Parkinson’s disease (PD) is a progressive, degenerative, neurological disease that has no cure. For causes not yet fully understood, the brain begins a decline in production of a neurotransmitter called “dopamine” which is responsible for your brain’s ability to communicate to your muscles through stimulation of nerves deep in the brain. The result is a loss of motor and non-motor functions.
Rock Steady Boxing (RSB) is an international nonprofit organization based in Indianapolis. It has more than 800 affiliate programs that give people with Parkinson’s disease hope by improving their quality of life through a noncontact, boxing-based fitness curriculum. RSB was founded by Scott C. Newman who was diagnosed with PD at age 40.
RSB exercise classes all over the world have proven that anyone, at any level of Parkinson’s, can lessen their symptoms and lead a healthier and happier life. Since January 2019, RSB affiliate classes have been offered locally at the Columbus Wellness Center through Columbus Community Hospital’s Rehabilitative Services.
Therapists at Rehabilitative Services have a passion for providing specialized services that benefit members of the communities we serve through new and innovative approaches, such as RSB, that demonstrate outcomes superior to conventional therapy. Currently, we have 15-17 boxers regularly attending our RSB classes who have achieved inspiring results already.
Classes are held from 1:15-2:15 p.m. Tuesdays and Thursdays at the Columbus Wellness Center. The classes cost $15 per month for Y Members and $40 for non-members.
While focusing on overall fitness, strength, flexibility, reaction time and balance, group workouts include: focus mitts, heavy bags, speed bags, jump rope, core trunk strength and circuit training. No boxing experience is necessary and people of all ages living with Parkinson’s are invited to participate. Boxers, both male and female, range in age from 50 to 80+ years of age.
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This newer approach to Parkinson’s disease exercise and physical training has been shown to delay the effects of PD including reducing the stereotypical tremor, shuffling gait, balance issues, loss of motion/flexibility and improving the overall psychosocial well-being of people living with this progressive neurological disease.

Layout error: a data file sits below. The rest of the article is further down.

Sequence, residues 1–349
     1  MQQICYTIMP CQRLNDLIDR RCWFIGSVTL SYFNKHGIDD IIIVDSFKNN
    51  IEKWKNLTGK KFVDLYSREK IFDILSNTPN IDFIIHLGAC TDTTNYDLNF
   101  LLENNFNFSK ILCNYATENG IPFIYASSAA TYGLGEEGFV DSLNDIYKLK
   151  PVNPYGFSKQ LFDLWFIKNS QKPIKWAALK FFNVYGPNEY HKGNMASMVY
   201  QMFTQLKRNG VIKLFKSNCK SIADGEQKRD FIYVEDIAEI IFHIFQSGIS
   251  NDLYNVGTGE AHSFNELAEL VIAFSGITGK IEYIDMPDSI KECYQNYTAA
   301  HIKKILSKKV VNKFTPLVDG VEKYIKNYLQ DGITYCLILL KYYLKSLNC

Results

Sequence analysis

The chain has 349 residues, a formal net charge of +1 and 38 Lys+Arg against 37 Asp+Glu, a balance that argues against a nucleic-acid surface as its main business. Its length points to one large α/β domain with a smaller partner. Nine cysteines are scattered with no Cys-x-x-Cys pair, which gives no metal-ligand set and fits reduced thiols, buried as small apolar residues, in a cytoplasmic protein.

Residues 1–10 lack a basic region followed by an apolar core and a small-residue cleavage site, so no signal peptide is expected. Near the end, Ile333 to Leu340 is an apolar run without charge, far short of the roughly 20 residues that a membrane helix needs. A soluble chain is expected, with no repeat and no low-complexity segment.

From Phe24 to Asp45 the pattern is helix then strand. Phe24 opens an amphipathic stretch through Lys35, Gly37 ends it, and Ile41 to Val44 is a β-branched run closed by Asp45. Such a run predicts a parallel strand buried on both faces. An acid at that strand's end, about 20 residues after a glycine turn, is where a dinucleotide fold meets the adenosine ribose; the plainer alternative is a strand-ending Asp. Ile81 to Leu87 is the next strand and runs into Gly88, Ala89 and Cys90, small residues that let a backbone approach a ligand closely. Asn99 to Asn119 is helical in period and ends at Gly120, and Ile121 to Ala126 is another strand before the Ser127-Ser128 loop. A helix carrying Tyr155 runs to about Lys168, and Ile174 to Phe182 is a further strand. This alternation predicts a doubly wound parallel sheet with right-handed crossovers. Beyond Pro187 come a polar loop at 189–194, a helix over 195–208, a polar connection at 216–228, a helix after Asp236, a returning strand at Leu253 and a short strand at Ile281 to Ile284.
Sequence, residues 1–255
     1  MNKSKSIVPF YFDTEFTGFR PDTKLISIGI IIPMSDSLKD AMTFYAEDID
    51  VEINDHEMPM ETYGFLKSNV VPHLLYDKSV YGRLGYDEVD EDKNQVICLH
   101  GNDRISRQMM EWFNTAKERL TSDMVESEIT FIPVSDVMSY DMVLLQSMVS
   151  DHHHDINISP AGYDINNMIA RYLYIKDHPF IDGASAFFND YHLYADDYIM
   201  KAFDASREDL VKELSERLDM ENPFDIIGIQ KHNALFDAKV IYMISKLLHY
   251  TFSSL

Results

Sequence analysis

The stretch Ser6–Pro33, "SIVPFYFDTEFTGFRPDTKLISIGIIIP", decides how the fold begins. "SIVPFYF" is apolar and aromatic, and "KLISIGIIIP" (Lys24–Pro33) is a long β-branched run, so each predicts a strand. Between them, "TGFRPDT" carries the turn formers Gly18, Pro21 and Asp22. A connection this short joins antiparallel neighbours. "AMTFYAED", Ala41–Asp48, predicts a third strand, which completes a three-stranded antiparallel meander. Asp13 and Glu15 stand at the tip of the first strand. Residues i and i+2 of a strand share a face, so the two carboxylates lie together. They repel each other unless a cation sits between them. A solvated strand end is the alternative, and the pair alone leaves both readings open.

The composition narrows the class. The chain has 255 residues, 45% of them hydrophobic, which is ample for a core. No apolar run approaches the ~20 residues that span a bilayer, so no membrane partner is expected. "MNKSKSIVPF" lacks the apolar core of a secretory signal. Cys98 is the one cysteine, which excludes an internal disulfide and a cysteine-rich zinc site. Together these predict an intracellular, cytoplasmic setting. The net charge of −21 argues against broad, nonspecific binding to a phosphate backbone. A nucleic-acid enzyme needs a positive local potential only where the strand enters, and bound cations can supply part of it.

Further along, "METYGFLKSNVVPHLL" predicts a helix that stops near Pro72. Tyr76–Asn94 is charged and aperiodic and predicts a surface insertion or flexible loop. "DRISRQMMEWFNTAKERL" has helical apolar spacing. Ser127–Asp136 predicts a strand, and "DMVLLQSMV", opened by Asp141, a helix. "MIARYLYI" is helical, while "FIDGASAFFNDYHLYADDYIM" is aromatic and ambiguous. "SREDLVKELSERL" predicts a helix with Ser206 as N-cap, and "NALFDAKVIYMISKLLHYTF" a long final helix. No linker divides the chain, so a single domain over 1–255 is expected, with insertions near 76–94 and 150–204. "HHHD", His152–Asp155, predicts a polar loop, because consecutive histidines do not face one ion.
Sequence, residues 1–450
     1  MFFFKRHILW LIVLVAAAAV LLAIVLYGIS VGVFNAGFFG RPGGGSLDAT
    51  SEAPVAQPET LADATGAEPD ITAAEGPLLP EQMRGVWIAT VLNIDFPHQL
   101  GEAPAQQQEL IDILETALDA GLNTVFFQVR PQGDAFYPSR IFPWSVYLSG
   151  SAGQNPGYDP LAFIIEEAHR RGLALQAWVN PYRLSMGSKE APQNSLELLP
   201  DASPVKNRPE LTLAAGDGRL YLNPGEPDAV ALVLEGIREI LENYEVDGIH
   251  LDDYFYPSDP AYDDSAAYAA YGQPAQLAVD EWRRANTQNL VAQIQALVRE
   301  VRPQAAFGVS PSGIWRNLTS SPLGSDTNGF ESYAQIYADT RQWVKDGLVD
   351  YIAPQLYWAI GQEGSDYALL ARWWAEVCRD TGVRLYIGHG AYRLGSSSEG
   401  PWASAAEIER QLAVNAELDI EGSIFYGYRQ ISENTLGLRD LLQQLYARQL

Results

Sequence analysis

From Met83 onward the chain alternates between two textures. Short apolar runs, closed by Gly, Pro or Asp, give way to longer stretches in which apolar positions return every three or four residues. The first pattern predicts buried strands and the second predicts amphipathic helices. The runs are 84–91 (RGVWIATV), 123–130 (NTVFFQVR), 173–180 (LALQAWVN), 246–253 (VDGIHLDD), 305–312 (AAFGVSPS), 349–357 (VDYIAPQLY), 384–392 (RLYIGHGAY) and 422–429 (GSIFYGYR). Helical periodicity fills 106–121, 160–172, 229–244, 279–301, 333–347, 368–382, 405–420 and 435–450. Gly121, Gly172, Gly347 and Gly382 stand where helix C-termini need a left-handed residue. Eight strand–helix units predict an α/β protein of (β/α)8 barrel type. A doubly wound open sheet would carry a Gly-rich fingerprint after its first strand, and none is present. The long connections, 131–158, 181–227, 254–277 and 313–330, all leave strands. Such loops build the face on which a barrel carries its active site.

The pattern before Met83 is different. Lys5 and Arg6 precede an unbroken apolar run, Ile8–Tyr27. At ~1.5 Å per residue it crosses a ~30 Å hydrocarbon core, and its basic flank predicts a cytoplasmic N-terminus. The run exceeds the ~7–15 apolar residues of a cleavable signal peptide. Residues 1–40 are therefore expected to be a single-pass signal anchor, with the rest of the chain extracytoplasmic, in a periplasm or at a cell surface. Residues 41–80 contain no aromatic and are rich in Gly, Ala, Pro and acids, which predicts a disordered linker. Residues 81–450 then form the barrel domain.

There is evidence that intensive exercises, such as those performed in RSB, may be neuro-protective, actually slowing PD’s progression and the loss of functional abilities and quality of life. There is also evidence that referral for therapy early in the diagnosis of Parkinson’s shows even better outcomes through the training techniques taught in the RSB exercise classes.
The forced, intensive exercise movements of boxing-inspired training produce endurance, agility, balance, self-confidence and a positive mindset for the participant who is taking control of their disease’s symptoms and “counterpunching” its effects proactively in noticeable ways in his or her daily life. The training is modifiable to meet people’s needs, no matter the stage of their Parkinson’s.
To fight back against Parkinson’s or for more information, contact Rehabilitative Services at the Columbus Wellness Center at 402-562-3333. Visit www.columbushosp.org under “Our Services/Rehabilitative Services” or www.rocksteadyboxing.org.
This article was written by Matt Wesch and Brittany Zoucha.